Rain Dance – This ceremonial dance is performed by numerous agricultural peoples, especially in the southwest, where summers can be extremely dry. The ceremony was performed to ask the spirits or gods to send rain for the tribes ‘ crops. The dance usually takes place during the spring planting season and before crops are harvested. However, it was also performed in times when rain was desperately needed.
One thing that makes rain dances unique from some other ceremonial dances is that both men and women participate in the ceremony. The dance varies from tribe to tribe, each having their own unique rituals and costumes. Some tribes wear large headdresses while others wear masks. Accessories often include paint on the body, beads, animal skins, horse and goat hair, feathers, embroidered aprons, and jewelry made of leather, silver, and turquoise. Feathers and the color blue are often found in dress and accessories, symbolizing the wind and rain, respectively. These special clothes and accessories which were worn during the rain dance, were generally not worn at other times of the year, but rather, were stored for this specific ceremony. Dance steps usually involve moving in a zigzag pattern as opposed to other ceremonial dances that involve standing in a circle.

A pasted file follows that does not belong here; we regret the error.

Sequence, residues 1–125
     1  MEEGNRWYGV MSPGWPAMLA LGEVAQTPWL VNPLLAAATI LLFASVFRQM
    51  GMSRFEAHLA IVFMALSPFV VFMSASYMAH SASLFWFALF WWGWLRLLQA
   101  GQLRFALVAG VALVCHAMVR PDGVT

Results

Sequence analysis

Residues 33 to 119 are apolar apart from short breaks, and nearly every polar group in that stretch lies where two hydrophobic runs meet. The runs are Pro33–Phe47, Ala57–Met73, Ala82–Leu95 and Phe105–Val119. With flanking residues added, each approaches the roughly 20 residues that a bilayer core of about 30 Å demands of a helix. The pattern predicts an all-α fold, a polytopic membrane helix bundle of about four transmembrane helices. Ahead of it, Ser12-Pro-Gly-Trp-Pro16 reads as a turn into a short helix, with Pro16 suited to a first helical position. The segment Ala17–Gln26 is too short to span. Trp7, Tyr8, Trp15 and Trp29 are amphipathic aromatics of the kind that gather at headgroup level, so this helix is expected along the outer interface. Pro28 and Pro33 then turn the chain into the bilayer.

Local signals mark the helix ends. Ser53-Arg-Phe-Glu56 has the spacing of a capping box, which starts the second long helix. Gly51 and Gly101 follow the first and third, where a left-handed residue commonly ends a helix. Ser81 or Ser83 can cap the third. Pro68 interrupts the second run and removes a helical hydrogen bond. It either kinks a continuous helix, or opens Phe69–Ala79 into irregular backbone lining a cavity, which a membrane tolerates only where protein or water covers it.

Stories of the origins of ceremonial dances have been passed from generation to generation orally. When the Native Americans were relocated in the 19th century, the United States government banned certain tribal ceremonial dances. In some regions tribal members would tell federal authorities that they were performing a “rain dance” rather than disclosing the fact they were actually performing one of the banned ceremonies.
Though the rain dance was most often performed by tribes in the southwest such as the Puebloan, Hopi, Zuni, and Apache, other tribes also performed the ceremony, including the Cherokee in the Southeastern United States. Many tribes continue to perform this ceremony today.